in Political Science/International Relations at the Graduate Institute for International and Development Studies.
Currently, I am a visiting researcher at the MacMillan Center, Yale University.
I study interactions among multinational organizations in conflict and post-conflict contexts using regime complexity theories. My methodology combines social network analysis and qualitative interviewing. I conduct fieldwork in Belgium, Bosnia and Herzegovina, Central African Republic, and France.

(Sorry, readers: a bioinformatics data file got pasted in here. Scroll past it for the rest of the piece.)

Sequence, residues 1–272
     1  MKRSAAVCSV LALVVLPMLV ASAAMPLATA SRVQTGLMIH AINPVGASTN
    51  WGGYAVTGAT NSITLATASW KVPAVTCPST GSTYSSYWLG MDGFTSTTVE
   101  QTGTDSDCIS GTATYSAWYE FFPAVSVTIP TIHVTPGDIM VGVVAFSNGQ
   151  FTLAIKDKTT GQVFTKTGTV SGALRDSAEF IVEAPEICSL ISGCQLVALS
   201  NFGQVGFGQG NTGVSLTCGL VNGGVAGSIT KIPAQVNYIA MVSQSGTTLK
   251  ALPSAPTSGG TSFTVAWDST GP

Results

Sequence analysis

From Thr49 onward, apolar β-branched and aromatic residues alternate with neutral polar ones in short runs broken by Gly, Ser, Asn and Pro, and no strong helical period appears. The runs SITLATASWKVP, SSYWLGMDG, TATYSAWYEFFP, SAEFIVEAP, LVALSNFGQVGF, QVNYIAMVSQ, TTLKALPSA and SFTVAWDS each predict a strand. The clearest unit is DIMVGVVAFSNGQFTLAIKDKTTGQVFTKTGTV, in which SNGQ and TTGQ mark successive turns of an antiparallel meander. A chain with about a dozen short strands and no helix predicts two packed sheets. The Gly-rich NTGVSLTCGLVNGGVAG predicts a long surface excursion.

The last decades have seen an increase in the number of interventions in conflict and post-conflict zones led by multinational organizations and this trend does not seem to recede. Almost mechanically, this created environments where multiple organizations are intervening simultaneously. This thesis focuses on interactions in the field and in headquarters among organizations conducting missions and operations. Complexity theory tools help to understand those interactions by identifying that what cannot be explained by chance or rational choice is actually the result of underlying patterns, feedbacks loops, and interactions among and within multinational organizations. This thesis refocuses the discussions on International Organizations on a multilevel conceptualization, and embracing a complex system approach.